Nonetheless, Adeem stands boldly on that frontier, challenging the hate and bigotry poisoning country music’s riverbed, and doing it mostly with the art they create. Their music provides refuge for those abandoned by institutions that see their very existence as a threat. We should honor artists like Adeem the way they deserve: not despite their identities, but because of the profound truths flowing through their unbroken voices, and for their gifts as artists, documenting all of the good and bad in the world.

A performer under the spotlight playing guitar and singing.
Emma Delevante

Midway through our expansive conversation, Adeem emphasized the need to honestly reckon with country music’s oppressive past to have hope for a more just future. They explained, “I think that a lot of people have a psychological mechanism that tries to prevent them from having to engage with the realities of systemic oppression, because of how disruptive it is to make the changes necessary to kind of play a role in helping write those wrongs and create a more equitable world.”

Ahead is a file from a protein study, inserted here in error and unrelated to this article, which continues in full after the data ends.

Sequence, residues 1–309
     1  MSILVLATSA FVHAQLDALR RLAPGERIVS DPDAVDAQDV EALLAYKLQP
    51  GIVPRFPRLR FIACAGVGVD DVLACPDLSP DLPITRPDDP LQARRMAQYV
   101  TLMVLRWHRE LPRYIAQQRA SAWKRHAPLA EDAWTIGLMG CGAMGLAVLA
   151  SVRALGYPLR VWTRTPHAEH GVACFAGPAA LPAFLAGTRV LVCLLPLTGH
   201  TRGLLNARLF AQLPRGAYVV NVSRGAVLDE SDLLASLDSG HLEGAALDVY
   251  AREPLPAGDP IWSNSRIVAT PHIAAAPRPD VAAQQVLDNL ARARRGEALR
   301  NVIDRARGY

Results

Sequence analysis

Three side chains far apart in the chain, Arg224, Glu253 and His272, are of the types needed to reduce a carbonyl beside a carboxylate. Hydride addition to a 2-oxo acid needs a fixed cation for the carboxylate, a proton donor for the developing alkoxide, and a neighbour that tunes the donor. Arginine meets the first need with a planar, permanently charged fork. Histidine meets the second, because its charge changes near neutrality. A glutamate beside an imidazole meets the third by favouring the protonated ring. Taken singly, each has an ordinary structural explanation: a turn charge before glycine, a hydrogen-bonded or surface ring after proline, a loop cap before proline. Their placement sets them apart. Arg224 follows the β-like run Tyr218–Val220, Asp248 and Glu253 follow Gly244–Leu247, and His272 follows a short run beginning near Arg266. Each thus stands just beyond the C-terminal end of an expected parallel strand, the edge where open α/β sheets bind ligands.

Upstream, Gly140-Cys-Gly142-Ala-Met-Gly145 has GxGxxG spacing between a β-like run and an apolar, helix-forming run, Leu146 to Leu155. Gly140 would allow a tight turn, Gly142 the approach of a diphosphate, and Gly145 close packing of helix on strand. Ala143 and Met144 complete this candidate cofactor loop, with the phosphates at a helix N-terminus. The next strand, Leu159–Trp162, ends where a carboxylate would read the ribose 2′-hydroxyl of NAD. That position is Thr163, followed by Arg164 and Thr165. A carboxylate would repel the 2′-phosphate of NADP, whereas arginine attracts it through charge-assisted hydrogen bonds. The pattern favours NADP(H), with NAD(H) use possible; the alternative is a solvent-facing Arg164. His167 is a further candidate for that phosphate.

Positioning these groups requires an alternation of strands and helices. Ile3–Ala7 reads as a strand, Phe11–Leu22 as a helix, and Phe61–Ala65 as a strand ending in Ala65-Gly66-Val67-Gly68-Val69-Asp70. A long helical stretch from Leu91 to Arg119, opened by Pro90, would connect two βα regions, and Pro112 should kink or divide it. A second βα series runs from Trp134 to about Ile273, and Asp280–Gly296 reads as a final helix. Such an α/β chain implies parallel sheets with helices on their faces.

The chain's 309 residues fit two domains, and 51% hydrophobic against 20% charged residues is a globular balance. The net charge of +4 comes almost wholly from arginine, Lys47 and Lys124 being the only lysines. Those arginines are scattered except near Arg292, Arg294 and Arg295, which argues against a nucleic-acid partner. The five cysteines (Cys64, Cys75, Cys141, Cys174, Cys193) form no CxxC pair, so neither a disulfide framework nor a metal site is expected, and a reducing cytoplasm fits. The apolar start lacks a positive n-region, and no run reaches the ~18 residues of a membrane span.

For Adeem, sugarcoating country music’s sins of the past makes it nearly impossible to move forward. “I think in life, we’re taught from a young age that our stories are ours and that it’s important that we get to write them and imagine what they are and that’s true,” they reflected. “But there’s also a whole bunch of stories that we just get dropped into when we’re born and there’s nothing we can do about it.”